Here are 4 simple tips to minimize such risk:
1 - If there is no adoption of the tech in question, but 'it's coming in 5 years' - it's likely never coming.
The most significant indicator you can go is literally the bottom line. Ask to see the numbers, the real ones. If a product has, today, millions of DAU/MAU across the board, it's probably a better bet than the one led by a small but hyper vocal, niche audience that feels more like a cult than a genuine following telling you that one day, 'everyone' will use their product.
The former will help you shuffle where the puck will be, the latter is something that won't earn you a cent no matter how hard you 'embrace' it because its culture is designed to take, not to give.
One is silent but brings millions, if not billions in revenue. The other often gets angry, threatening or disdainful because you're not 'buying in'. Ever been approached by crypto-bros? It's no fun.
2 - If it comes back every 10 years, "but this time it's for real" - it's likely not going to happen.
Fads have the annoying habit of coming back. My example of flying cars was not in jest.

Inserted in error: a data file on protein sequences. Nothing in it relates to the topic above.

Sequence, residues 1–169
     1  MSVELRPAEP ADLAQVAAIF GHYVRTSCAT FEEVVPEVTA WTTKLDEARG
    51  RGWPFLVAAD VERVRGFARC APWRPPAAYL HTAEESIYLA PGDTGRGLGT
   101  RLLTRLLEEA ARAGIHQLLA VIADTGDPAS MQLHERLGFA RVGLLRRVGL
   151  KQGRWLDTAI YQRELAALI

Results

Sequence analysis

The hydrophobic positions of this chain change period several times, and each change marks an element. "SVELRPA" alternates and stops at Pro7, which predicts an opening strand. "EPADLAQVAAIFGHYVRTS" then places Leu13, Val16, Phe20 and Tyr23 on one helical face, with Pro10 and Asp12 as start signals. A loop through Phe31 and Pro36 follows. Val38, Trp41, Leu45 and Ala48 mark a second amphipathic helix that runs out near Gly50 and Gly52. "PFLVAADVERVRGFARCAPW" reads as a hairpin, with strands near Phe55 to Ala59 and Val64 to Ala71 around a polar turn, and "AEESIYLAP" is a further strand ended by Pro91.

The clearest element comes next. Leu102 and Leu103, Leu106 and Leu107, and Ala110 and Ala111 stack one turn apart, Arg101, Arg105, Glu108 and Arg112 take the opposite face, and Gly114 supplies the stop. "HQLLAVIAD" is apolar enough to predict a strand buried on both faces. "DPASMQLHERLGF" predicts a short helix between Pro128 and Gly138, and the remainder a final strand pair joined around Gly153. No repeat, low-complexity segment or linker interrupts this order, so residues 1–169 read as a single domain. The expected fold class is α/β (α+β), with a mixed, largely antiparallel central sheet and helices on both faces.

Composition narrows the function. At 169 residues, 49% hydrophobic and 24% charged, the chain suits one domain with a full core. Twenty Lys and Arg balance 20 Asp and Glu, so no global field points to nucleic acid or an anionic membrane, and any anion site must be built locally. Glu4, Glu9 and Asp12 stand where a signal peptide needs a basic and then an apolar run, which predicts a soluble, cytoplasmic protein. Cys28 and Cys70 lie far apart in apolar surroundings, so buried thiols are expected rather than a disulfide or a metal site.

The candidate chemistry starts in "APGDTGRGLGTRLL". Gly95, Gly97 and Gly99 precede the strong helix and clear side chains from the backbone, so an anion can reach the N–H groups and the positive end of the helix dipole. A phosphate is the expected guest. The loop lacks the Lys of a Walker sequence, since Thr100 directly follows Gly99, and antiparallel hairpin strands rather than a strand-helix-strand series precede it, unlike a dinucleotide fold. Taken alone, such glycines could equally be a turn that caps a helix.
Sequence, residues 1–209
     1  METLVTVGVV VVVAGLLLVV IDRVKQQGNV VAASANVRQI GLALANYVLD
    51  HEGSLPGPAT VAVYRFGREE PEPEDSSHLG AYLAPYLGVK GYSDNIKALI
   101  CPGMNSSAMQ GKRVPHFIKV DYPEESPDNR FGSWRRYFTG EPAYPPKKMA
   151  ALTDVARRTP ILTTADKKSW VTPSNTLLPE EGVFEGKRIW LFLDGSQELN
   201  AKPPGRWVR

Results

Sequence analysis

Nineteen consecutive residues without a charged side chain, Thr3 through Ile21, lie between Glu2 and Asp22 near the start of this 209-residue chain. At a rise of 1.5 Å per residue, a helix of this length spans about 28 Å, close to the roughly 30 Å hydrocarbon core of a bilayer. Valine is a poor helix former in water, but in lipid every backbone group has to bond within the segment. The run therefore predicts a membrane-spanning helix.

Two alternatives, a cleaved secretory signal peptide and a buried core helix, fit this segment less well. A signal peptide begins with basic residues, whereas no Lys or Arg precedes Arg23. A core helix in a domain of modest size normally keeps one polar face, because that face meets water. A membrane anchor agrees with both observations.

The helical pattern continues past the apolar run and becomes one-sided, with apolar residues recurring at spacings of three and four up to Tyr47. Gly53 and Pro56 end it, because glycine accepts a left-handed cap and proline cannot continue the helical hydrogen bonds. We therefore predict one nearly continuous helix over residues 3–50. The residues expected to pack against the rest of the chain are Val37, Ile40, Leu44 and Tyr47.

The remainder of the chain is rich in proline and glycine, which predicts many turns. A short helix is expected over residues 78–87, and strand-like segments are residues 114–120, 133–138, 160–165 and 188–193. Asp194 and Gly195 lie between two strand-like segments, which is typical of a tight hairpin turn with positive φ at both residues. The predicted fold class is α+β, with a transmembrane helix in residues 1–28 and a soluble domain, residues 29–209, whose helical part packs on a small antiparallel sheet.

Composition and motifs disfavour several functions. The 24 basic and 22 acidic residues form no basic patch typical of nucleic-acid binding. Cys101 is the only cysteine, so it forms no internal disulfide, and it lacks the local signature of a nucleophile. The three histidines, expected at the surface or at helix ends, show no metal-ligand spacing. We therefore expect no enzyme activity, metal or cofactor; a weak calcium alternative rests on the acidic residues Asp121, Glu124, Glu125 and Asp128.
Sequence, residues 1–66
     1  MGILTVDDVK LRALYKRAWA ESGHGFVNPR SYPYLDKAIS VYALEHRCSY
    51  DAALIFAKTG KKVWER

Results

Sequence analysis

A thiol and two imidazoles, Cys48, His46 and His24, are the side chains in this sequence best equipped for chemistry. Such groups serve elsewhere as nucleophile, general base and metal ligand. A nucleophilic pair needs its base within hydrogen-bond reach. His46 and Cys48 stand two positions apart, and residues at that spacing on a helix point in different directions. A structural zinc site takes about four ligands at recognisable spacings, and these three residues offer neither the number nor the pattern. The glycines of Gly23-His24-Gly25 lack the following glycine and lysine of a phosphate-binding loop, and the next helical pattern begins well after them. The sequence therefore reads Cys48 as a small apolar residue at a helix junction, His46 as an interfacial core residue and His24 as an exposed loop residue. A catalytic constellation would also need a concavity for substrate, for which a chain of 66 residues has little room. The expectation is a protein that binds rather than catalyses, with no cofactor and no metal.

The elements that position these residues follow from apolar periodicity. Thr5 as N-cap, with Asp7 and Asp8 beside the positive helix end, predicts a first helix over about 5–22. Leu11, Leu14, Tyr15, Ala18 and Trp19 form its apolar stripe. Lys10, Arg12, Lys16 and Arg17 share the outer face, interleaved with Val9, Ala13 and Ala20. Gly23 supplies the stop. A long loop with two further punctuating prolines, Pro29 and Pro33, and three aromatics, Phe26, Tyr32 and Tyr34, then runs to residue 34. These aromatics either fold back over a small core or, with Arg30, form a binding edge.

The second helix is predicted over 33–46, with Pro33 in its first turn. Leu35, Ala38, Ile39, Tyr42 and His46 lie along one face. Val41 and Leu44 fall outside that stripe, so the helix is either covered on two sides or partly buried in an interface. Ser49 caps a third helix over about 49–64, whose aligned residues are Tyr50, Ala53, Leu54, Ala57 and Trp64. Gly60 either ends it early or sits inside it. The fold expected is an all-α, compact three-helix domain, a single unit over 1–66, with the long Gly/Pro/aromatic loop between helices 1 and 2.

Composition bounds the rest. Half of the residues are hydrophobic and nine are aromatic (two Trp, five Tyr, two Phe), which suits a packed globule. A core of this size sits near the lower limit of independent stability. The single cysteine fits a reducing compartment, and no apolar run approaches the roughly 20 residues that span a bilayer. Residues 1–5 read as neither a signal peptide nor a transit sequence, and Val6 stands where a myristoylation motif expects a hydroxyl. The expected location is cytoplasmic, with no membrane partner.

In a similar vein:
- In 1995 you were sold Active Worlds and their '3D shopping centers'
- 2 years later VRML is formalized and you were told that 'the web was to move to full 3d' with.. shopping centers.
- In 2003 Second Life made a mint but came and went (with your money) because it was the first step to 3D shopping centers.
- In 2012 Oculus took the world by storm (alongside the Kickstarter money) making '3D shopping centers' possible.
Imagine my disappointment to see this decade kick off with the 'metaverse' and the FIRST demo being one of "a 3D shopping center".
When "it's the year of the 3D shopping center" for the 5 or 6th time in 3 decades, "but this time it's for real", caution might be mandated?
3. If only doomsayers back a topic, something's seriously amiss.